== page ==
Saturday, January 3, 2015

Does the Space Make a Difference?

I have always believed that punctuation makes a difference and has significance. But a difference I hadn’t thought about until fairly recently was whether to leave one or two spaces after a period. I grew up learning, in my high school typing class and elsewhere, to leave two spaces, and I never questioned that. It became absolutely automatic for me. But more and more I have realized that now the standard is one space. The point that jolted me was in a recent article about job applications that stated that for older applicants, leaving two spaces after periods can be a signal of their age, and by proxy, a sort of sign of being outdated or behind the times. I am fortunate not to have to apply for jobs, but I still don’t want to be thought of as behind the times! So I have been trying to remember this, and now I often go back through something I have written to delete one of the two spaces. I actually had to do it for this very blogpost. Such a small matter to be fraught with such possible significance!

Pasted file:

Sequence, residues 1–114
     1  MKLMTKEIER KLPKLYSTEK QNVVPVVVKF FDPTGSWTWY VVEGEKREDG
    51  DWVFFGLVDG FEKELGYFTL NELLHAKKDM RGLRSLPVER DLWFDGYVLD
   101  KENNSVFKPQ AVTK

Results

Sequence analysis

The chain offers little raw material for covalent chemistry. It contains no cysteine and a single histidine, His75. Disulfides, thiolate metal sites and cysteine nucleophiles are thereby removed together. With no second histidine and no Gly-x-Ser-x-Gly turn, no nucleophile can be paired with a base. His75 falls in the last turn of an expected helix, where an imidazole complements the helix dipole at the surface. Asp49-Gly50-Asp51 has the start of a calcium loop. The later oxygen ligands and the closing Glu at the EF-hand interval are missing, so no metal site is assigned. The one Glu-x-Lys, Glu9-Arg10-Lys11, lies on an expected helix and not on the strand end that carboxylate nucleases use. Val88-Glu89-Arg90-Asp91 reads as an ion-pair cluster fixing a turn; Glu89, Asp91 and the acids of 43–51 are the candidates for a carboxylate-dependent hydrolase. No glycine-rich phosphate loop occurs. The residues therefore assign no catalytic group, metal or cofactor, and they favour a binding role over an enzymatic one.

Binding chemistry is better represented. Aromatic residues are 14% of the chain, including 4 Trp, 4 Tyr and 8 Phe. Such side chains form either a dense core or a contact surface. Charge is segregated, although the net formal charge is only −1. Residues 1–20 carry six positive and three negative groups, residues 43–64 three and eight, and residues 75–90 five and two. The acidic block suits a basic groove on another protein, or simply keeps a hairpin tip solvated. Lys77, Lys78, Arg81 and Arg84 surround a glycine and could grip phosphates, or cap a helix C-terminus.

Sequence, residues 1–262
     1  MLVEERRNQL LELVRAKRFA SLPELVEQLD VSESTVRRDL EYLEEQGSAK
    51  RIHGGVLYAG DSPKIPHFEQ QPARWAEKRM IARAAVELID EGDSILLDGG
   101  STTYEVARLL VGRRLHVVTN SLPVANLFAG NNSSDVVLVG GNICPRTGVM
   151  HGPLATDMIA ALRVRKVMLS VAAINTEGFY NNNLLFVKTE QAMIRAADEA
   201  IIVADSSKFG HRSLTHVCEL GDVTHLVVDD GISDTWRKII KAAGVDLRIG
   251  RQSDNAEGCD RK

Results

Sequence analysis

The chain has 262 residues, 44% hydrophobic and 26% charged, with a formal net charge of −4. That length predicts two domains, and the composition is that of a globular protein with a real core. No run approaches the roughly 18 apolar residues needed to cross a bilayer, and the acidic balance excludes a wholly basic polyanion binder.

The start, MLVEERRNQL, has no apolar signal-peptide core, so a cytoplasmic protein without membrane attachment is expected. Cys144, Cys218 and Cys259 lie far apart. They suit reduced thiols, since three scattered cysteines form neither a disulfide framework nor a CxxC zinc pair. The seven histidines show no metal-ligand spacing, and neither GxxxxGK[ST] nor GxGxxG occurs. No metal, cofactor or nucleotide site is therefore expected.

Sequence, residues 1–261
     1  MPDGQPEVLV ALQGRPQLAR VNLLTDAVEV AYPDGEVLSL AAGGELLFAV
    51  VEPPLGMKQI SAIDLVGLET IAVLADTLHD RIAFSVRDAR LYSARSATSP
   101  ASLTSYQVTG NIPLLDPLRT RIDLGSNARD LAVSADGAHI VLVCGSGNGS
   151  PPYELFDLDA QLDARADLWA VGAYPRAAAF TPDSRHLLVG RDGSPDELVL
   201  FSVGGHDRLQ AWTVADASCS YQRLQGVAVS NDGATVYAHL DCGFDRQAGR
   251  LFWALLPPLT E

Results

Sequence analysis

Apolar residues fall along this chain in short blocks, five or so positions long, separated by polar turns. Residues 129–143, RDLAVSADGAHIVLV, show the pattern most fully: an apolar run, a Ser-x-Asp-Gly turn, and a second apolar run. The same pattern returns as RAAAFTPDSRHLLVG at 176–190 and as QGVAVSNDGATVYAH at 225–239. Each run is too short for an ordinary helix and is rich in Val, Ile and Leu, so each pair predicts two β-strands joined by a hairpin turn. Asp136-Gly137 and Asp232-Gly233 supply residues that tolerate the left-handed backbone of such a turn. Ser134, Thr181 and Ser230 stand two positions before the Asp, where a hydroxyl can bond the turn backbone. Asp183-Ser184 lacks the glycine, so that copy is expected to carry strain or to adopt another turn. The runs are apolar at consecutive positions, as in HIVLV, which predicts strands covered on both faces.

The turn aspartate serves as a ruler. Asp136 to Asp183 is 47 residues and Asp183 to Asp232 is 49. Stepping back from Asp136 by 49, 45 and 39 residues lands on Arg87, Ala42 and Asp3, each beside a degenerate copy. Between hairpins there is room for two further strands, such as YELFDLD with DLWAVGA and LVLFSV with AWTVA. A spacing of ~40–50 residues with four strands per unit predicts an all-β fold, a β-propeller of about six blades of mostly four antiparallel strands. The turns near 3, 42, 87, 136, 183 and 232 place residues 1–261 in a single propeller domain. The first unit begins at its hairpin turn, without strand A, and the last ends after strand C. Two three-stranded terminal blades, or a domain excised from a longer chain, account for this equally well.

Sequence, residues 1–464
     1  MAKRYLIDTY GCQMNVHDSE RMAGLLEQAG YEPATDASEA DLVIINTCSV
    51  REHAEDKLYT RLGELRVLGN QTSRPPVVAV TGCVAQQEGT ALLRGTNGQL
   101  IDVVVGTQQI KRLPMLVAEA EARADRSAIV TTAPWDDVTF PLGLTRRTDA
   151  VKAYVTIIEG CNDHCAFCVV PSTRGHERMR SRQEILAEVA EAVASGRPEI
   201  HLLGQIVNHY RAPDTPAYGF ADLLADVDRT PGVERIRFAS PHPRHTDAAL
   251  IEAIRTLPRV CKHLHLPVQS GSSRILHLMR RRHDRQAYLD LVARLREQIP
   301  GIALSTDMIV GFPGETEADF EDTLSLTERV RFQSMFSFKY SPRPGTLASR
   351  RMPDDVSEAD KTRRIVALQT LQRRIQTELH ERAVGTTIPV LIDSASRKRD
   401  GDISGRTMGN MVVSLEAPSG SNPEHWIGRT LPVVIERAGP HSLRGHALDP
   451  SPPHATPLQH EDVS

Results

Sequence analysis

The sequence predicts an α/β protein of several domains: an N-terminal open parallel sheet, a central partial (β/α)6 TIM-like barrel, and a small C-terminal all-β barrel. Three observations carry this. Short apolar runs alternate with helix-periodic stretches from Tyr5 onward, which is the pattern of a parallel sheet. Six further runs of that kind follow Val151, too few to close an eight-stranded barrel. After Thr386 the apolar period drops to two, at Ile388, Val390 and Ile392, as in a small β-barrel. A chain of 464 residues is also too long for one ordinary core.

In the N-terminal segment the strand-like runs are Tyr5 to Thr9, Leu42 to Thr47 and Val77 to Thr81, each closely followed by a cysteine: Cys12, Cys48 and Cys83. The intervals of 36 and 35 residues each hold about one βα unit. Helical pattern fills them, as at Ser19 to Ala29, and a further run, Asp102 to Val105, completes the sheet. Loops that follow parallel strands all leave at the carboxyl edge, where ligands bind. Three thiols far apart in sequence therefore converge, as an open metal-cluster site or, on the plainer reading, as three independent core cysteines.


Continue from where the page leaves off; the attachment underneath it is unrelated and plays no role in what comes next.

1. Hi, Stephanie. I think I may have had typing class from the same teacher (Mrs Krause? in that cold room below the KS library?) and also learned that two spaces should come after a period.

    My present thought is that the concept of "spaces", whether one or two, is less well-defined than formerly. The word processor I usually use (LaTeX) in effect makes its own decisions about spacing, and typically does indeed leave somewhat larger spaces after periods than between words. This feature is convenient, but it sometimes outsmarts itself with abbreviation periods, as in Mrs. Krause or Mr. Watson.

    1. Paul, yes, I think we DID have the same typing class in Kodai, or one very like it! I can't remember the teacher's name (I don't remember its being Mrs. Krause, but I could be wrong), but I do remember that room. Of course back then we learned on actual typewriters....Thanks for your good point re the blurring of the amount of space after periods (and in general), with various electronics making the decision for us, and not necessarily exactly one or two but perhaps spaces but perhaps something in between.


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